Buy Harry Potter direct from JK Rowling on any ebook reader

By March 28, 2012Content

Harry Potter fans scramble to get a copy of the latest Harry Potter bookThe news is out today that the seven Harry Potter titles have become available as ebooks for the first time. The interesting thing is that whilst the books can only be bought from Pottermore (JK Rowling’s publishing company) they will work on Amazon’s Kindle, Barnes & Noble’s Nook, Google Play and most other popular ebook readers.

For a long time I have thought this ‘artist sells direct to end user’ model is the most obvious and efficient way to structure the value chain for all content types in the internet era. Prior to the internet gatekeepers were required to manage the limited distribution platforms and provide working capital to various different players in the ecosystem. Those functions are now redundant and there is no longer a need for gatekeepers of any sort. The gatekeepers we have today exist because they have worked their way into being gatekeepers, rather than because the gatekeeper function is in itself important. Many of today’s gatekeepers have been gatekeepers for years and these businesses have simply managed to protect their existing positions, although they are all getting weaker. Good examples are TV companies like ITV, Sky and Comcast, record labels like Universal and EMI, newspapers like The Guardian and The Daily Mail, and publishers like Penguin and Random House. Some of todays gatekeepers are new, and they have leveraged innovations and control of adjacent markets to become gatekeepers. Good examples are Amazon with the Kindle, Apple with the App Store, Google with Play, and maybe Facebook in the future.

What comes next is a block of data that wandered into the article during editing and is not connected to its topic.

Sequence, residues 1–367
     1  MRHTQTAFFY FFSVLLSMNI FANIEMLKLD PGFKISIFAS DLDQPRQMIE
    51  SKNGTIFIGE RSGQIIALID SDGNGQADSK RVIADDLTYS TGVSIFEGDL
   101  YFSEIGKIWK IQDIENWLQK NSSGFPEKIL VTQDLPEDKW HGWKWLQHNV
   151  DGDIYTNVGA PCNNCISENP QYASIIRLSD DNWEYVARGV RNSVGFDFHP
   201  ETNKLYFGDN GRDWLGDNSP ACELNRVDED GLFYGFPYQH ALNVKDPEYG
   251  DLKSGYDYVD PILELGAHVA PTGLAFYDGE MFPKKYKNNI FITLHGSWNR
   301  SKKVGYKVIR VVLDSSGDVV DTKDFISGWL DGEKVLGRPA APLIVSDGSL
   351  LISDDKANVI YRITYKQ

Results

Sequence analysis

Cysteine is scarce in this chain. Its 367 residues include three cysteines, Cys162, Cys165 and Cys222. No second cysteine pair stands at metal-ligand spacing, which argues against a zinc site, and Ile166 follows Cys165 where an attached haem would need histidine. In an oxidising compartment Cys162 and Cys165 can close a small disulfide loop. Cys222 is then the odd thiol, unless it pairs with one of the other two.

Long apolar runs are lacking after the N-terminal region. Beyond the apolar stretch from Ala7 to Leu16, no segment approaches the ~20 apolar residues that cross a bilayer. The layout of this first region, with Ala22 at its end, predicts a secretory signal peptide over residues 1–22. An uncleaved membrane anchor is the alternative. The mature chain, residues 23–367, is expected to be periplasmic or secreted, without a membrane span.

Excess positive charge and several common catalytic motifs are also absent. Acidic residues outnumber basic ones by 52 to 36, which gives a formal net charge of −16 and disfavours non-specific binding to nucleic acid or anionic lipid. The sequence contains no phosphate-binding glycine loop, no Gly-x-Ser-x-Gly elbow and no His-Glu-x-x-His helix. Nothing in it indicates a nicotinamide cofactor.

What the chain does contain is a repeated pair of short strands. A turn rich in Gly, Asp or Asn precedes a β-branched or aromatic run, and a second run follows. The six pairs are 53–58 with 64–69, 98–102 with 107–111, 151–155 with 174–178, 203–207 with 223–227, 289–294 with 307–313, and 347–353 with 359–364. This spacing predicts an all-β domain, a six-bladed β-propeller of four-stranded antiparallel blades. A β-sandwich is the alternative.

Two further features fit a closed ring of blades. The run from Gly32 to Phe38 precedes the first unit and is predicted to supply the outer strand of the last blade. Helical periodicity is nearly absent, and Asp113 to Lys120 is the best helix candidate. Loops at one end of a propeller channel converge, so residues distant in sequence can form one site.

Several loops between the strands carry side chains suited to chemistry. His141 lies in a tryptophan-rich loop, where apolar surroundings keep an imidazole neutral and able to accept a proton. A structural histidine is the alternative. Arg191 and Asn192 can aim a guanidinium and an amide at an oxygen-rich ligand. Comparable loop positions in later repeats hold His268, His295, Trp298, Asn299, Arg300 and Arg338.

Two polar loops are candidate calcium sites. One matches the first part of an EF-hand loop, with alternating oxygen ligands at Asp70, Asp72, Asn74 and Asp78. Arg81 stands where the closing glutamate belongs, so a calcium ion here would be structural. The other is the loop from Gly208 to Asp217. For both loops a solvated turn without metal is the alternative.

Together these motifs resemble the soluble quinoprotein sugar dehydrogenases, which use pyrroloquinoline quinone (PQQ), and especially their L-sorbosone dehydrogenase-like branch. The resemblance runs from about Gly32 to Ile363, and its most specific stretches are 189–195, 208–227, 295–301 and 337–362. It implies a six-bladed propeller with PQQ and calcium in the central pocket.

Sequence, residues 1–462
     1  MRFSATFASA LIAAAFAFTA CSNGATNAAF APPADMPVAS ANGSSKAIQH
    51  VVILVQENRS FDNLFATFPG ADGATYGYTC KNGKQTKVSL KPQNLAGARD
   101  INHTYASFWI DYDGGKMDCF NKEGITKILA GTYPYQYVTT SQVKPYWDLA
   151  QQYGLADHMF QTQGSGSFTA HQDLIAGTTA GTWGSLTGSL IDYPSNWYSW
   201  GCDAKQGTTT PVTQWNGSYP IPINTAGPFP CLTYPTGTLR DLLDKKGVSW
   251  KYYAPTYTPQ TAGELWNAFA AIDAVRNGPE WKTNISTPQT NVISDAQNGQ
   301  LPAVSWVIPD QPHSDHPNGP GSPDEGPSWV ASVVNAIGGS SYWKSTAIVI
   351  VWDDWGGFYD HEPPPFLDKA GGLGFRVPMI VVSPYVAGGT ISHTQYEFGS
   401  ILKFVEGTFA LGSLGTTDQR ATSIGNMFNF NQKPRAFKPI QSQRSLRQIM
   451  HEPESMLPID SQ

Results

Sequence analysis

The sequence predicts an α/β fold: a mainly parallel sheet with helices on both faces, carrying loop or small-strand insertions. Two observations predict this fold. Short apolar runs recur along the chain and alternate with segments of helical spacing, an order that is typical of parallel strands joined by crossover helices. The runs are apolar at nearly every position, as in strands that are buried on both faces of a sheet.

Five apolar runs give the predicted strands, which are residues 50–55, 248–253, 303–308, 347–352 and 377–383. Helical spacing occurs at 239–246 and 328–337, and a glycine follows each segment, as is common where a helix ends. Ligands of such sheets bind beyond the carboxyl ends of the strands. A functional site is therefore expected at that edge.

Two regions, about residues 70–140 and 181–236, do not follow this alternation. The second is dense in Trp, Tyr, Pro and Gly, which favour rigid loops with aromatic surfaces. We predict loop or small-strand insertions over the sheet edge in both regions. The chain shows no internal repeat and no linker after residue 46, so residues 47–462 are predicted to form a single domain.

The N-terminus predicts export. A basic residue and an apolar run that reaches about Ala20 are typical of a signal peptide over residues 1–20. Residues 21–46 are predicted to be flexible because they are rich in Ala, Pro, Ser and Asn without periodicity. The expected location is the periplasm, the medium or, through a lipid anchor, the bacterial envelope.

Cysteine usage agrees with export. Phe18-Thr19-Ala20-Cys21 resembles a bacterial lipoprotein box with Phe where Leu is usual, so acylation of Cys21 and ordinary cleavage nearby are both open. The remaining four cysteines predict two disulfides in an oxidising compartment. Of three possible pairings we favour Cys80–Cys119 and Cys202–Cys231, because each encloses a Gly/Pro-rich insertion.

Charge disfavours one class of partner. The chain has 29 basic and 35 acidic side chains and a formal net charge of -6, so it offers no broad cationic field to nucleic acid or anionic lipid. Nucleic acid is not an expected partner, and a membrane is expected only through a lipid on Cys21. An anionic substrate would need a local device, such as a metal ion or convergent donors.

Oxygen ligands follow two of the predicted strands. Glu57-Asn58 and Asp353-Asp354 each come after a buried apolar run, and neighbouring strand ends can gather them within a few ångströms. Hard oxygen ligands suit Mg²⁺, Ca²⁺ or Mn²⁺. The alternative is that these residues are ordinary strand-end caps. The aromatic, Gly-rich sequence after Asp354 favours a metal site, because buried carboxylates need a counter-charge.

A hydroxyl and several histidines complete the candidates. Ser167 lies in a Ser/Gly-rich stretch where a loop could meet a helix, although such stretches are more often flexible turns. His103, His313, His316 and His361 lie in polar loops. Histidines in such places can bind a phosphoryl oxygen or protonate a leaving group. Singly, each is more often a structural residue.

JK Rowling was able to leverage her popularity as an artist and force Amazon, Barnes & Noble, and others to relinquish control over their ebook reader platforms and let her sell direct. This is analogous to decisions by Madonna and other popular music stars to bypass record labels and organise their own concerts and music distribution. My hope is that competition between different distribution platforms will increase across movies, books, TV and music, and that more and less powerful artists will be able to sell direct. The gatekeepers are taking more money out of the ecosystem than they deserve and the more they are bypassed the more money artists will make and the more our creative industries will flourish.

Note that most artists will still need the help with marketing and distribution that the gatekeepers have typically provided. The difference is that they will get it from agency style talent management businesses who get paid according to how much they help instead of demanding exorbitant fees simply to open the gate. LiveNation, Simon Cowell’s Syco, and Simon Fuller’s 19 are all talent management businesses in this mould.

The biggest obstacles to this vision are rights management and financing of production. The former is solvable through technology and there are a multitude of potential solutions to the latter, not least crowdfunding so I’m hopeful we will get there. It will take a while though.